His kidnap and the repeated attack on Sun Electric meant Cove’s technology was not able to develop – and Sun Electric failed. 

Dr Sugandha Srivastav, British Academy postdoctoral fellow and lecturer in Environmental Economics at the Smith School of Enterprise and the Environment in Oxford, who has been researching Cove, told Carbon Brief: 

“I really think that we would have had a very interesting tranche of early solar innovation, but instead what we had was entrepreneurs and investors getting spooked because here’s a man who was kidnapped on the grounds of his solar innovation.”

How might solar have developed in the 20th century? 

Following Cove’s kidnapping, it was more than 40 years until the invention of the silicon solar cell. 

Dr Srivastav conducted an experiment to explore the impact of Cove’s kidnapping, using Wright’s Law, to model what solar development could have looked like had it been developed in 1910. 

She used data on cost and cumulative installed capacity – which found that for every doubling of solar PV capacity there is a 20% decline in cost – to “hindcast” costs within two scenarios: one that assumed Cove’s solar had a capacity of 1,000 kilowatt hours (kWh); and one that assumed 5,000kWh.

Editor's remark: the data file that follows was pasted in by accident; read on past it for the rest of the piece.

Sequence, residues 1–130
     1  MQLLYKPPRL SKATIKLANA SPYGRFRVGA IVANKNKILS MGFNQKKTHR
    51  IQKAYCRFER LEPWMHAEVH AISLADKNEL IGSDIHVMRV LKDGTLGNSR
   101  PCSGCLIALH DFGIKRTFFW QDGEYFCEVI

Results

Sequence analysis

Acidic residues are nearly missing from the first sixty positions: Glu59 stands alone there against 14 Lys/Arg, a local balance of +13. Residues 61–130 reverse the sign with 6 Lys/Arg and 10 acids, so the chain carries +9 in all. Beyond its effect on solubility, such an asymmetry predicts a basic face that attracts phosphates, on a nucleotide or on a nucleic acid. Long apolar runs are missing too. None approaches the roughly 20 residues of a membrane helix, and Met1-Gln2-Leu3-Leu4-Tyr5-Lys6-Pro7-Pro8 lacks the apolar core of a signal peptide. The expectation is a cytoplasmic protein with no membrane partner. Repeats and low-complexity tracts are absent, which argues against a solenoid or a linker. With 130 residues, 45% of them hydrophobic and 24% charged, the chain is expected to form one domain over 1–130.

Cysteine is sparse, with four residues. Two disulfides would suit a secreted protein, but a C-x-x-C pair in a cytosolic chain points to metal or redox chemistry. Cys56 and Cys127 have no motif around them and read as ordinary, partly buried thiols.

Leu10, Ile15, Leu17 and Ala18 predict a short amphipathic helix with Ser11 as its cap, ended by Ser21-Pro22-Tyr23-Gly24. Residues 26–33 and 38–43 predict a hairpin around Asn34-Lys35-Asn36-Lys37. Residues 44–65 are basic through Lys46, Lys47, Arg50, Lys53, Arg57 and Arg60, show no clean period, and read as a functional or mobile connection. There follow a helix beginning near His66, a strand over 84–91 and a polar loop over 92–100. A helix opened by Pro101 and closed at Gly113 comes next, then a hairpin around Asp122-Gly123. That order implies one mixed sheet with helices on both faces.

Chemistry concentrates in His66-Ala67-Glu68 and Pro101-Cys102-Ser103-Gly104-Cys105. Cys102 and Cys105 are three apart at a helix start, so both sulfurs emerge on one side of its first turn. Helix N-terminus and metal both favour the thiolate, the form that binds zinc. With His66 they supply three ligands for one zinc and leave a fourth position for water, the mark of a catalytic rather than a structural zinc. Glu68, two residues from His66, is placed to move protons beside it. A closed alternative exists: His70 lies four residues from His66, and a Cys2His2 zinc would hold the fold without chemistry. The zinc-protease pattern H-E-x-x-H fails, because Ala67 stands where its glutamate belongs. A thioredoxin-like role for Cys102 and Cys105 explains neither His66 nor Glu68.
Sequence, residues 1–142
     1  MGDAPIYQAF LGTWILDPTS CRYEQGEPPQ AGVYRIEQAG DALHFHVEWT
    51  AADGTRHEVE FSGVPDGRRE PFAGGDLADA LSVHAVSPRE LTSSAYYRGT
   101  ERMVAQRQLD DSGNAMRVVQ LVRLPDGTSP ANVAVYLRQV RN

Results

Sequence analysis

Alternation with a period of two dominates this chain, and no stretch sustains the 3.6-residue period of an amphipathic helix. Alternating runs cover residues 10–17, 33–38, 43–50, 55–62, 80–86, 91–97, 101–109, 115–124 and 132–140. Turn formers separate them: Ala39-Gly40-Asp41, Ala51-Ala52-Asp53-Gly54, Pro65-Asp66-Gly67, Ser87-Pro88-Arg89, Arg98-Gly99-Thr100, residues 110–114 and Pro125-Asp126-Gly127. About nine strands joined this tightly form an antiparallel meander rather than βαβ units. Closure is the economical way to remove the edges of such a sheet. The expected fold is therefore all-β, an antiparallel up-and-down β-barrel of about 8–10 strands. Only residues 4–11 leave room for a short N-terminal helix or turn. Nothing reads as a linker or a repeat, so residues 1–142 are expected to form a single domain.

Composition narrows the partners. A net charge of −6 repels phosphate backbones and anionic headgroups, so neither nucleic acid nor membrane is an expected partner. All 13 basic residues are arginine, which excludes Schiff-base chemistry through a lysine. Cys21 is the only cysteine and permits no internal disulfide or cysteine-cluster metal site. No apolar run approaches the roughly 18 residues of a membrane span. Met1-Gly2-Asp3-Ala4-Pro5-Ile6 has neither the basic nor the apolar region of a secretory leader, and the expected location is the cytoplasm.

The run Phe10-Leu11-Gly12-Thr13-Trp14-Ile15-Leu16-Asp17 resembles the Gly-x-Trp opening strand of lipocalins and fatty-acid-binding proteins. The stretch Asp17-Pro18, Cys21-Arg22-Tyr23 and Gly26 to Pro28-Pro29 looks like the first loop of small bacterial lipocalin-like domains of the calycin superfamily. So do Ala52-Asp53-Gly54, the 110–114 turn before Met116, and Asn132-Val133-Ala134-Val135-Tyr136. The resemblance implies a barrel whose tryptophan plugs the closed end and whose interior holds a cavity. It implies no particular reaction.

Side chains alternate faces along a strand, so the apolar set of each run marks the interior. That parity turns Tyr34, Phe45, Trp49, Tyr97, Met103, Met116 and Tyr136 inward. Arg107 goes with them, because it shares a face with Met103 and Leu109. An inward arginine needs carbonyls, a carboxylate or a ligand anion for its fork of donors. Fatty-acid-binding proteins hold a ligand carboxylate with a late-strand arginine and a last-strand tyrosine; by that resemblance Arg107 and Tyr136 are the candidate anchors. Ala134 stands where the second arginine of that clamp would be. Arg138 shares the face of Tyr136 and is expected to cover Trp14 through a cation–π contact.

The analysis assumes solar PV growth is slow to begin with during the experimental phase, then picks up pace, before tapering as the market saturates. 

When could solar PV have become cheaper than coal? 

While there are limitations and uncertainties inherent in any hindcasting exercise, this experiment provides a view of what the development of solar PV could have looked like in the 20th century. 

Depending on the scenario, solar PV would have become cheaper than coal in 2007 or even 2002. In reality, solar PV only became cheaper than coal in 2016, according to Our World in Data